Sunday, November 07, 2010

Brian Burke's Coaches

I'm not smart enough to know if Ron Wilson is the "problem" in Leaf land. Actually, I'm not sure that there is a so-called problem.

One look at the Leafs' roster and it's pretty clear that goals are going to be tough to come by this year. This is a roster whose first-line centre went un-drafted and has all of 50 NHL games experience.

With so little offensive punch there's no margin for error on the back-end. The lack of firepower makes every mistake in the Leafs' own zone terminal. The Leafs are going to have to win a lot of games 2-1 or 1-0 if they're going to have a shot at the post-season.

Despite the state of the line-up, with just one win in their last 9 games and three years of piss-poor special teams play, the call for Wilson to be fired is growing louder by the day.

I thought a quick look at Brian Burke's coaching decisions in his previous gigs as a NHL GM might shed some light on what, if anything, might happen behind the bench with the 2010-11 Maple Leafs.

Hartford Whalers, 1992-93

This was Brian Burke's first gig as a GM.

Hired May 26, 1992, within three weeks Burke announced a coaching change - interim coach Jimmy Roberts was replaced by Paul Holmgren.

Holmgren had previous NHL head coaching experience, he was the bench boss for the Flyers from 1988-to 1991.

Burke was fired in 1993, Holmgren remained the coach of the Whale until 1996.

Vancouver Canucks, 1998-04

Mike Keenan was the first coach Brian Burke fired.

In January 1999, after a month of hockey that saw the Canucks win 2 of 13 games - a tailspin Burke called, "an unmitigated disaster" - Mike Kennan was shown the door. Burke brought in Marc Crawford as his head coach, signing him to a three-year deal.

Crawford had previously coached the Colorado Avalanche to a Stanley Cup in 1996 and resigned from the Avalanche in 1998.

Burke made no further coaching changes during his tenure in Vancouver.

Anaheim (Mighty) Ducks, 2005 - 2008

Brian Burke was named GM of the Mighty Ducks in June, 2005. Burke offered a one-year extension to head coach Mike Babcock. Babcock declined and signed a multi-year deal just a few weeks later with the Detroit Red Wings.

Burke hired former Leafs defenceman Randy Carlyle to coach the Ducks. Carlyle had been head head coach the Canucks' AHL affiliate.

Of the hire, Burke said: "I wanted to find a coach that matches my intensity level. I hate to lose, I know Randy hates to lose as much as I do."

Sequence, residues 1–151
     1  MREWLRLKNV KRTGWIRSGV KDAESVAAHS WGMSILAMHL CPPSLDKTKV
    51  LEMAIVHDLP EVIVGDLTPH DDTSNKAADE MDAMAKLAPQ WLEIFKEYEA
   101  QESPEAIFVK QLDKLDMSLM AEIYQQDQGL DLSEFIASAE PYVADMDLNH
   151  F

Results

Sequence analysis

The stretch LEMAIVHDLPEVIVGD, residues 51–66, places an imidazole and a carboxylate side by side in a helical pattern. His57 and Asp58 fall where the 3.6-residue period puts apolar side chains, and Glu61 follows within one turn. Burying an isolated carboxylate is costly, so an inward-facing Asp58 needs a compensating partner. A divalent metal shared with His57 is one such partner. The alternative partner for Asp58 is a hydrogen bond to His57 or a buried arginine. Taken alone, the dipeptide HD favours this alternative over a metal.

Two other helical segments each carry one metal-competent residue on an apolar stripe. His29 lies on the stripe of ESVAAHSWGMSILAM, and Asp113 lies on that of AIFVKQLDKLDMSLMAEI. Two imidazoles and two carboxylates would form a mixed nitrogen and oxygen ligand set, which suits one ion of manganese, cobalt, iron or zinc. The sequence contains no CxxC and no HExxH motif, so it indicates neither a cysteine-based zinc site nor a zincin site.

Carlyle is still the coach of the Ducks.

Coaches Cornered

In three previous stints as GM, covering 10+ seasons of hockey, Burke fired just one coach and hired three. Two of the three hires had previous NHL experience, the third was well known to Burke as the coach of his former AHL affiliate.

I'm doubtful Wilson gets the gate this year. That said, the one thing that's struck me most about Burke's tenure with the Leafs is how often his big moves come as complete shocks - there's no leaks to the press and nobody sees it coming. I don't know what Ron Wilson's fate may be, but I'm willing to wager it will be in keeping with Burke's M.O. and will come as a surprise to many.

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  1. "I don't know what Ron Wilson's fate may be, but I'm willing to wager it will be in keeping with Burke's M.O. and will come as a surprise to many."

    No one expects the Spanish Inquisition!

  2. You guys watch- he's going to find a loophole in the CBA that allows him to trade Wilson, Acton and Mitchell for Semin and a 1st. Sigh.

  3. Good insight into Brian Burke.

  4. Paul Steckley12:30 am

    With the moronic Toronto press calling for the coach's head after every loss, I'm glad to see that Burke refuses to get goaded into making a bad decision. Firing Wilson will not change anything. Scotty Bowman at the height of his coaching ability could not make this group more productive. Leaf history since 1967 has been marred by too many knee-jerk decisions, with change often made not because it was the right thing to do, but simply to show that something was being done.

    If Wilson had Crosby, Malkin, Ovechkin, and Stamkos on his first two lines and the team was still losing, then there would be a valid case for his firing. Otherwise, the patient approach is the right one and I hope Burke continues to hold true to it.